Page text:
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Japan Through the Looking Glass Paperback – February 1, 2009
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A disarming, engaging, and provocative book.”Andrew Barshay, University of California, Berkeley
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Top Customer Reviews
The main theme of Japan Through the Looking Glass is that nothing seems quite as it first appears in Japanese culture; indeed, even upon closer examination, paradoxes and uncertainties abound. As Macfarlane notes, many outward similarities exist with Great Britain. Both are island nations, both have a feudal history, both have a long history of a strong work ethic, and both were the first to industrialize in their regions. But as Macfarlane points out, despite the similarities, westerners have a continuing challenge in understanding how Japan works.
For instance, Japan has a mix of individualism and status relationships. It is a modern (often hyper-modern) capitalist society, yet the profit motive is not glorified. Individuals in the sense of Western individualism don’t exist. Instead, people are defined by relationships.Read more ›
However, one gets the impression that the author is romanticising Japan. The overall impression of Japan that he conveys is positive at best and neutral at worst. He often gives a general statement or observation about the country, which is fine. The problem I have with his approach is two-fold: firstly, the way in which he depicts this observation is frequently one-sided; secondly, his observations do not always strike me as painting the full picture of Japan. For the first point, I cannot say for sure whether it is because the author is consciously romanticising Japan, or whether he is just being generous by trying to find explanations for why the Japanese have such-and-such a characteristic. With regards to the second point, I personally feel that it is as though his materials were deliberately selected to portray the Japanese in a sympathetic light. However, as this book appears to be, simply, an account of his experiences, perhaps it was just the result of the way his personal journey played out for him. That I do not know.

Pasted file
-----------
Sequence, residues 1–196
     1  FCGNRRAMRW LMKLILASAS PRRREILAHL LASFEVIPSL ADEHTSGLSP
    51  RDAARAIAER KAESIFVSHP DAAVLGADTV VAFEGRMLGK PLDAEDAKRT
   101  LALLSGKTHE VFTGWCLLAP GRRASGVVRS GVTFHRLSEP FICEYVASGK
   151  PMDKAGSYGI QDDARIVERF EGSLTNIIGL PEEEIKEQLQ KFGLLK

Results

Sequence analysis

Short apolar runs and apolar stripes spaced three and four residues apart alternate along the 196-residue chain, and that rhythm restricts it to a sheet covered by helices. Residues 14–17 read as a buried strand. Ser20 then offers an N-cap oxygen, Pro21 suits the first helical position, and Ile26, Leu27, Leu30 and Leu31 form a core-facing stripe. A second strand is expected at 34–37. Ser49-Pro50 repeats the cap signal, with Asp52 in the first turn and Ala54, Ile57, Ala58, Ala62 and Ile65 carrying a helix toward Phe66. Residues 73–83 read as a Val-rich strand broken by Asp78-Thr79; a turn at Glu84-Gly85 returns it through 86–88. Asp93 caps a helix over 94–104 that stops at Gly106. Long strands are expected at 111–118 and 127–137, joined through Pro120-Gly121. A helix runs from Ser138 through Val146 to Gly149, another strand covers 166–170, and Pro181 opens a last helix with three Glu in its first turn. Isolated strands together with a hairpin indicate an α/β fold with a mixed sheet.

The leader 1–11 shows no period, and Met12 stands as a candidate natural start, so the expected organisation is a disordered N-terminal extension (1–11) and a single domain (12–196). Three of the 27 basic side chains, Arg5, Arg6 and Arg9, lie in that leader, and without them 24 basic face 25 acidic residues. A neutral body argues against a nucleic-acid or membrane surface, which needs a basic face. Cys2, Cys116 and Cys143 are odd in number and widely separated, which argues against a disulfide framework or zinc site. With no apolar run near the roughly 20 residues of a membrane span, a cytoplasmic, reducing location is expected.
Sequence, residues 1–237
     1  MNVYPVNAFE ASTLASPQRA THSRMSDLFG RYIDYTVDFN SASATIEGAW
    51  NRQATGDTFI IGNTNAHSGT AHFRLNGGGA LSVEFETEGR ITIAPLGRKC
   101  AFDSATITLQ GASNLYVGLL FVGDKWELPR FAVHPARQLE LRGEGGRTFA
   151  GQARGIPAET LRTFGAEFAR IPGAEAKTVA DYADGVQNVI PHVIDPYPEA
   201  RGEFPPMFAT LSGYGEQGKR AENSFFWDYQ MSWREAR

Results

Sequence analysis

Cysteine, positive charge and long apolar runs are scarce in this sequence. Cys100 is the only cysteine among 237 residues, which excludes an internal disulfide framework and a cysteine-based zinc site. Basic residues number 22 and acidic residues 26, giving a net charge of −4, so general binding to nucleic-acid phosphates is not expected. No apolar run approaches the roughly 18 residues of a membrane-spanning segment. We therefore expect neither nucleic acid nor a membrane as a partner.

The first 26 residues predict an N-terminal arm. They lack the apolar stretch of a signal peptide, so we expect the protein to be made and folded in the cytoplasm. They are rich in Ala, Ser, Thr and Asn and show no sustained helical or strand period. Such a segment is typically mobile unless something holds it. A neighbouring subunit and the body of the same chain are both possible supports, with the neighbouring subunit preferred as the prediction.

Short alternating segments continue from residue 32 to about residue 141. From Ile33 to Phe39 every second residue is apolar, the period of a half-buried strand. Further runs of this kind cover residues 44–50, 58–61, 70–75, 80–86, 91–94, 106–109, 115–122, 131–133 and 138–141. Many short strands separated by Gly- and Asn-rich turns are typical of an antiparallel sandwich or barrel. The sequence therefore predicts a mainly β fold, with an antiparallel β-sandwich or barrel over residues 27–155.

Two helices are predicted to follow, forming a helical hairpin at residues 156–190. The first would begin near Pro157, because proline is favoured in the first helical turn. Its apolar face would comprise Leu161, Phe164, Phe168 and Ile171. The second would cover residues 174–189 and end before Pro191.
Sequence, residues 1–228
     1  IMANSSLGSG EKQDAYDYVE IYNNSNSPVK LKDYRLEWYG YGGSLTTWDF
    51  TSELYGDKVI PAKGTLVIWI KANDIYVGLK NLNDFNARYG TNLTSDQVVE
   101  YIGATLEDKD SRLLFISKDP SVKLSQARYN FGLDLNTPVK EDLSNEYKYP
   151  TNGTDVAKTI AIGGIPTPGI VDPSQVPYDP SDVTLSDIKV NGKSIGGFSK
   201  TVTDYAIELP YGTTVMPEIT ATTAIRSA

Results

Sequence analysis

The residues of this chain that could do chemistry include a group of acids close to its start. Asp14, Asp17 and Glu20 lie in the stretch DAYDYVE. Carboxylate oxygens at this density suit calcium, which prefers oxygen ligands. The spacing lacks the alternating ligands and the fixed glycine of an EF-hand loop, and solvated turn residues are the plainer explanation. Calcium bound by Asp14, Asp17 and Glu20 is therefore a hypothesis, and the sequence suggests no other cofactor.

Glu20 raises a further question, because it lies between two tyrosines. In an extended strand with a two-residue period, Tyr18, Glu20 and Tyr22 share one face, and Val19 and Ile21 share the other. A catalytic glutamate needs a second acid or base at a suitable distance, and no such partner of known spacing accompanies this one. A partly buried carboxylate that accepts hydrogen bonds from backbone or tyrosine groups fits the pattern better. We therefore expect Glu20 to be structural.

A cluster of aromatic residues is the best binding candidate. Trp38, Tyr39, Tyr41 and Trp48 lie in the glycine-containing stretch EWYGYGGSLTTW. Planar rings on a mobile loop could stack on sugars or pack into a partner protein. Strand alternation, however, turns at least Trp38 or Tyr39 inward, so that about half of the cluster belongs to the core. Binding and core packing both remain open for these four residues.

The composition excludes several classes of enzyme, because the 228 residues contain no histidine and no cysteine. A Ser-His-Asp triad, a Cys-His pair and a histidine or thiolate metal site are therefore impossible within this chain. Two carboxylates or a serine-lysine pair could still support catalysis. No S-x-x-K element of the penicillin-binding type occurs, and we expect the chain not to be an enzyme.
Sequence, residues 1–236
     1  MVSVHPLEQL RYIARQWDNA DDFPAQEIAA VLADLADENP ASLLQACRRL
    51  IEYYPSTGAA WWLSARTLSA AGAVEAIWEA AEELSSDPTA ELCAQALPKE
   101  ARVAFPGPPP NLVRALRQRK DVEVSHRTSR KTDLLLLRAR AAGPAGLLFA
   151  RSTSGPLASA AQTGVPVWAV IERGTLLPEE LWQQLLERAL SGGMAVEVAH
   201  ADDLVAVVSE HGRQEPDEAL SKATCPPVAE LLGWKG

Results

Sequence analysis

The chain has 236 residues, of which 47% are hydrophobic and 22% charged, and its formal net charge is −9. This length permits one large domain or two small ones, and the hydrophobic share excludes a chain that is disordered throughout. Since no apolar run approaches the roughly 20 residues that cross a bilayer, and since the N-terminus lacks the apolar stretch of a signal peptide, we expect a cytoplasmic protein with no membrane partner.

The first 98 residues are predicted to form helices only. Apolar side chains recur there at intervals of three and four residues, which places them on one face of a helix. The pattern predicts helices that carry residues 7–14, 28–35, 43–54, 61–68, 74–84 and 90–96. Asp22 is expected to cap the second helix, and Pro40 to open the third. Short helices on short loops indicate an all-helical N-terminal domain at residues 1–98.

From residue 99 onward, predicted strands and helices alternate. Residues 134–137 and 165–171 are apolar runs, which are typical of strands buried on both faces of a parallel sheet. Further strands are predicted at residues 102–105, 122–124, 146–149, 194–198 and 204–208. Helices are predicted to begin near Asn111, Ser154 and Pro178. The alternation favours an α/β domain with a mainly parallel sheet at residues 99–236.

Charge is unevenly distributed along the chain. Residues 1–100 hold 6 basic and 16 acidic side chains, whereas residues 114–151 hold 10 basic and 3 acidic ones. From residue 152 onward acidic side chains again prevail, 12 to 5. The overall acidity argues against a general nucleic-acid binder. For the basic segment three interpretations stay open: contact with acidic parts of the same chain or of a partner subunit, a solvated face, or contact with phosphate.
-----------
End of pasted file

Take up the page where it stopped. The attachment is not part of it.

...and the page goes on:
Another criticism I have about this book is that the author makes certain claims based on wrong assumptions.Read more ›
Most Recent Customer Reviews
A little too superficial. I would have much preferred a clearer discussion of actual beliefs, rather than what I got.Published on February 14, 2014 by georgepugh
There are many books telling us why Japanese are like they are and why they have become like they are. Read morePublished on October 30, 2010 by Jackal